By Thomas D. Segel
There was the FEMA mess, the Homeland Security problems, and the NSA rhubarb. With all of that on its plate, it is no wonder the Republican administration and majority party in Congress have managed to ignore the many problems percolating inside the Department of Veterans Affairs. Now that last sentence is a misstatement. They have always ignored problems within the VA.
There are many who believe there is collusion between the current Administration, Congress and the VA to the detriment of the veteran and retired military community. The belief is that while pledges to establish a swifter acting, more open and service-oriented Department of Veterans Affairs are repeatedly made, the words are really just more of the same false promises veterans have heard for years. There is also a strong feeling that those elected to high office are really attempting to find ways to end or reduce earlier promised benefits to veterans.
With each passing month more and more reports about the dysfunctional VA are brought to the attention of Americans. In the March issue of VFW Magazine for example, is an article headlined “Quality No Longer ‘Job One’ For VA Claims Processing.”
The decline in performance can be traced to a lack of dedication and productivity of VA employees, says one article.
Back in 2005 Knight Ridder published an article detailing the results of its investigation into VA claims processing. In part it said, Based on an internal VA report that used staffing and overtime levels to estimate production capacity, Knight Ridder found that VA employee productivity was only 75% of what is expected. It indicates that though the agency has promised swift action on veteran health claims it is, in reality, falling further and further behind.
At the start of 2005 there were 473,869 medical claims awaiting final disposition. Instead of shrinking that workload, today there are a total of 547,411 unprocessed claims. Last year there were more than 152 thousand appeals cases to be examined. That number remains virtually unchanged today.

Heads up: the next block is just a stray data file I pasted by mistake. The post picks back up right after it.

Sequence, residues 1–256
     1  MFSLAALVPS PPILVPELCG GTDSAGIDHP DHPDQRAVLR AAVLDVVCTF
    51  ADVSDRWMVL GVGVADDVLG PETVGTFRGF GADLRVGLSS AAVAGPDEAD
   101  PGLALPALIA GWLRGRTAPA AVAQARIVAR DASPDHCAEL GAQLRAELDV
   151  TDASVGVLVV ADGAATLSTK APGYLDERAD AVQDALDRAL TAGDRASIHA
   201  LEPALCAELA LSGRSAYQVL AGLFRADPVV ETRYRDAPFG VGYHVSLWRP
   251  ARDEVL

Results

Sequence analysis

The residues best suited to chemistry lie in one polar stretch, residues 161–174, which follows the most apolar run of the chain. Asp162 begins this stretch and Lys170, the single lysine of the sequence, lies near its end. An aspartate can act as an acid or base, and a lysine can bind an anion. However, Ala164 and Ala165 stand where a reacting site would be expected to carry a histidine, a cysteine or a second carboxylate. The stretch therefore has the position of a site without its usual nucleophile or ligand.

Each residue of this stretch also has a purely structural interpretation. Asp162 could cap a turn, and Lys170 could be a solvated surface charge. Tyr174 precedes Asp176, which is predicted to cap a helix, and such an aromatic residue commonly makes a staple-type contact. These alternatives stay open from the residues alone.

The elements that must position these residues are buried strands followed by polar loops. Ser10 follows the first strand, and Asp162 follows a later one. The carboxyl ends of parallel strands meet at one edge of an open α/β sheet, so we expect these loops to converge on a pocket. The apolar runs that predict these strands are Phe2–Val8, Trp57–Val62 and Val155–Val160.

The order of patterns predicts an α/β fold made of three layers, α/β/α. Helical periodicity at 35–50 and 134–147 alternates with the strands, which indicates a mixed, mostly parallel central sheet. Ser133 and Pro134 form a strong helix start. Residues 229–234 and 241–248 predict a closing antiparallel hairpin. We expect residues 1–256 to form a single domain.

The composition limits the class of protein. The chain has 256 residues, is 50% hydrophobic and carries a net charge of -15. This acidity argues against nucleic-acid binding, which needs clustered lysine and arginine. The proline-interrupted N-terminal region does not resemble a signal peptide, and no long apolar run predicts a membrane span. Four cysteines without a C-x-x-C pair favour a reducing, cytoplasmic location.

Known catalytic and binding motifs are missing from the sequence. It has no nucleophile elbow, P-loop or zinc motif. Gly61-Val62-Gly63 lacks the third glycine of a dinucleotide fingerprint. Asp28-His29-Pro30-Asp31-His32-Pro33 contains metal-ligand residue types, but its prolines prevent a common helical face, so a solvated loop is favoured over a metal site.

In 2005 a total of 92 thousand veterans were in the application process for educational benefits. This year almost 114 thousand former service personnel are still awaiting receipt of those schooling assistance awards.
Arthur A. Bernklau, Executive Director of Veterans For Constitutional Law claims Congress has passed legislation denying veterans the right to due process under the law when they were in any appeal process with the VA. When extremely unfair anti-veteran statutes were enacted, it took away veteran rights of access to a fair and impartial hearing in a real or normal court and deprived them of their Constitutional right to an attorney of their choosing. Because of these statutes, the VA has felt emboldened enough to ignore most legitimate claims, he contends. Why is it, he asks, that the VA has over 260,000 employees nation-wide and they can only approve 4% of veteran claims per year?
But, the real disgrace is the failure of our government officials to inform nearly two million veterans or their widows that they qualify for disability pensions. Those who remain unaware of their eligibility can be found mostly among the underemployed or under educated veterans. Also impacted by this neglect are deceased veteran’s widows. . This same group is also among those most in need of all those services .and least likely to receive them.
According to VFW magazine, Because they are unaware they qualify, nearly 2 million veterans or their widows are leaving an estimated $22 billion a year in VA pensions unclaimed. What the article fails to report is the Department of Veterans Affairs is doing absolutely nothing to inform those in need of the available funds.
The biggest information roadblock seems to be the VA language, which seems to result in those billions of unclaimed dollars. The VA calls the award a “disability pension” even though a person does not need to be disabled to qualify. To be eligible veterans must be age 65 or older, have served in uniform during a war and earn less than $10,579. Some veterans who have non-service connected medical conditions may also qualify. Veteran’s widows must make less than $7,094. Deducting unreimbursed medical expenses can reduce incomes to assist in meeting qualifying standards.
The Department of Veterans Affairs estimates that 853,000 veterans and 1.1 million widows are eligible to receive these pensions, but only 27% of the veterans and 14% of the qualified widows are receiving the money.
There seems to be government failing upon failing being reported in today’s news. It has reached such a deplorable state that something like an anti-veteran Department of Veterans Affairs won’t even cause a ripple in the news media wave. However, with the loudly voiced support for our troops being continuously proclaimed by Republicans and Democrats alike and the numbers of disabled veterans increasing daily, a serious question needs to be asked. How can any administration fail to take action on behalf of those who offered their lives up in service to this country? These veterans deserve far more than false promises or being delayed and denied.